The Red Sox want to bring the right field fence in by nine feet

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Those Red Sox. Always soooo envious of the Yankees. Now they’re totally copying the whole short porch thing:

The team is seeking approval from the Boston Landmarks Commission to widen Fenway Park’s bullpen by about 9 feet – a double-edged alteration that should make hitting home runs to right field that much easier.

The change – part of an offseason ballpark renovation plan announced today – would shorten the distance from home plate to the bullpen fence from the current 380 feet to about 371 feet.

In case you’re curious, here’s the chart of home runs in Fenway Park for 2010. It obviously doesn’t show the fly balls or doubles off the wall that will be home runs if the change goes through, but there are bound to be a good number. While it still doesn’t make a poke to right a cheapie, this will apparently shorten Pesky Pole homers too*, so yeah, there are going to be more homers in Boston if this goes down.

And that’s what we really need: more slugfests in Boston.

*I think I misread that. The article says that the wall “behind the Pesky Pole” will be shorter. I think that means “beyond” and that the distance down the line itself will remain the same. My bad.

Giants nearing deal with Cameron Maybin

Cameron Maybin
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The Giants are finalizing a minor league deal for free agent outfielder Cameron Maybin, according to Andrew Baggarly and Ken Rosenthal of The Athletic. The team has not confirmed the signing, but it’s in keeping with their stated goal of adding more veteran presence and outfield options to their roster in advance of the 2019 season.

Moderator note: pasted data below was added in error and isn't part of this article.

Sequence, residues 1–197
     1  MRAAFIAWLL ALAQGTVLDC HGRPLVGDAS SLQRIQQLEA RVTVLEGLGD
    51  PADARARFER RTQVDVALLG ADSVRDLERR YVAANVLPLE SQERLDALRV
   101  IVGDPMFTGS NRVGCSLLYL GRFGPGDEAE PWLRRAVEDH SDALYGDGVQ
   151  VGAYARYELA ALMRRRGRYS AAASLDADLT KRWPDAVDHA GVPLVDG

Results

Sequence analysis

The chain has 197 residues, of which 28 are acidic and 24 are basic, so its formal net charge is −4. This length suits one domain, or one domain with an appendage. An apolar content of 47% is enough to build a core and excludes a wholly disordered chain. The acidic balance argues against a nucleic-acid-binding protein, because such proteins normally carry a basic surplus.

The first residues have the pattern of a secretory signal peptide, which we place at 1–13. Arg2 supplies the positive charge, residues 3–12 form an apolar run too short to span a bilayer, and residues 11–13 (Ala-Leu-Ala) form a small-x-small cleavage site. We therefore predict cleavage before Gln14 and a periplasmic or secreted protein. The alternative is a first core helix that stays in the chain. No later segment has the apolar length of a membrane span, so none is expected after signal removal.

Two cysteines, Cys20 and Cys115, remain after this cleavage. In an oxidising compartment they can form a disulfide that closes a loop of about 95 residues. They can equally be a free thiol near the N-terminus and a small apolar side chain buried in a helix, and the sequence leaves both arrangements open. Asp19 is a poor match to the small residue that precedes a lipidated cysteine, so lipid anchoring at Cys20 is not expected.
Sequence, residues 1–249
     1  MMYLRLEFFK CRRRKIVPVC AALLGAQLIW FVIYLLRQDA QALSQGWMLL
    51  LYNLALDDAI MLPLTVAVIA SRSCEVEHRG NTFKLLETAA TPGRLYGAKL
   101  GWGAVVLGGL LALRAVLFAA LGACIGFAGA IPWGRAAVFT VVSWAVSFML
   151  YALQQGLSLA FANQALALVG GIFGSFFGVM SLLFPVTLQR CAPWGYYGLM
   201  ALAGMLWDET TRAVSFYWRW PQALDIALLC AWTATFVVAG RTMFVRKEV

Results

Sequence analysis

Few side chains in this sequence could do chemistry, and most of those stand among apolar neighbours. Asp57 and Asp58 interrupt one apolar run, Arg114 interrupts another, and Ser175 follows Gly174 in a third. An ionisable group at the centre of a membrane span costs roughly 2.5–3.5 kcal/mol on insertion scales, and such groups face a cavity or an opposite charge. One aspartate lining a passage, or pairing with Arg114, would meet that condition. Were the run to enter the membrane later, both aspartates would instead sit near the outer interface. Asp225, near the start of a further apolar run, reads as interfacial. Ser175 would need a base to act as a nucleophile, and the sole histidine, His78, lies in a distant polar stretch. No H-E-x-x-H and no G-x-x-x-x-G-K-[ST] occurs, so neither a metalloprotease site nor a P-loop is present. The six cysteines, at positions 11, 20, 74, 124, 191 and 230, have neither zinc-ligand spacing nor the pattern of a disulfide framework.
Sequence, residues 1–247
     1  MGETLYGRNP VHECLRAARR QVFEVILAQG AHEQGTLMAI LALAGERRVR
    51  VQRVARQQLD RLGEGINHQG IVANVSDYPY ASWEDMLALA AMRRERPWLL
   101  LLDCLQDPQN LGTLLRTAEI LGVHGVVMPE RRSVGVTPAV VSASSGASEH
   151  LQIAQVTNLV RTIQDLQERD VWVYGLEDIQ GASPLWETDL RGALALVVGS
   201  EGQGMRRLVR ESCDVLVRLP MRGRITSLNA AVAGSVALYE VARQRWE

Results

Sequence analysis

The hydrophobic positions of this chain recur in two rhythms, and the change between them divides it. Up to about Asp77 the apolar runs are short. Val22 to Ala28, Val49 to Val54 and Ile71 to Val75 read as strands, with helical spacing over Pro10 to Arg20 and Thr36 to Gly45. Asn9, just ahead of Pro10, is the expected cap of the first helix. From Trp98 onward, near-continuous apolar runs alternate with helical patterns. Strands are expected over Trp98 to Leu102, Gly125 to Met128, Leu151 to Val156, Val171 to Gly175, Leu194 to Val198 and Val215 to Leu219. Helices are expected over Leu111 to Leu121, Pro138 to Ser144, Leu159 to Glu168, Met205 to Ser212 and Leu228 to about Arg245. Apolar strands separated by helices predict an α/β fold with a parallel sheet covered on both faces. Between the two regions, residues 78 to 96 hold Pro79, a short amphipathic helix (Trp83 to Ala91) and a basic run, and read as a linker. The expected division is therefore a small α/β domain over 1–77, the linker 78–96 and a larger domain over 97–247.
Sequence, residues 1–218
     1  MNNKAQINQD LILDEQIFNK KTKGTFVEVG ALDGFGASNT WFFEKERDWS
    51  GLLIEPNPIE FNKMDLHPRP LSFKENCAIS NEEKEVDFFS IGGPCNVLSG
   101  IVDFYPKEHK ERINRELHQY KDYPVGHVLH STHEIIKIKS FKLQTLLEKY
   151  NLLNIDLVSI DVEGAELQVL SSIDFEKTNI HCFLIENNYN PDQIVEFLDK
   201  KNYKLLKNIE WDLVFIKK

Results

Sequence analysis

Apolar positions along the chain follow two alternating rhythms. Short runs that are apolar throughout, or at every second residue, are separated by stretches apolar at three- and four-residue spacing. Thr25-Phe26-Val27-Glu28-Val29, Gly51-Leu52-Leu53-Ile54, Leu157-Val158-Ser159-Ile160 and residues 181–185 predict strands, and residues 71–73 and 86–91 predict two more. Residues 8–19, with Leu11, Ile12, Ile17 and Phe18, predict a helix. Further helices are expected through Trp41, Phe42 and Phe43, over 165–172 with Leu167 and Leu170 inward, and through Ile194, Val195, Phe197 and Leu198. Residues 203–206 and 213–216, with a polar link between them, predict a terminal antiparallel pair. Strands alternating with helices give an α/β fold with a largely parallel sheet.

Maybin, 31, appeared in back-to-back gigs with the Marlins and Mariners in 2018. He slashed an underwhelming .249/.326/.336 with four home runs, 10 stolen bases (in 15 chances), a .662 OPS, and 0.5 fWAR through 384 plate appearances for the two clubs, a clear improvement over his totals in 2017 but still shy of the career numbers he posted with the Padres all the way back in 2011. It’s not only his offense that has tanked, but his speed and defense in center field, all of which he’ll try to improve as he jockeys for a roster spot in camp this month.

The Giants’ outfield has been largely depleted of any kind of consistent talent lately, especially taking into account the recent departures of Hunter Pence, Gregor Blanco, and Gorkys Hernández. Even with the acquisition of, say, All-Star right fielder Bryce Harper, there’s nothing standing in the way of Maybin and fellow veteran signee Gerardo Parra grabbing hold of full- or part-time roles this year, though they’ll need to outperform candidates like Chris Shaw, Steven Duggar, Drew Ferguson, Mac Williamson, Austin Slater, Craig Gentry, Mike Gerber, and others first.

In a previous report on Friday, Baggarly revealed that a “handshake understanding” had been established with several veteran players already this offseason, all but guaranteeing them regular starting opportunities over the course of the season. How those agreements will be affected by spring training performances remains to be seen, but at least for now, the Giants appear prepared to give their newest players a long leash as they try to get back on top in the NL West.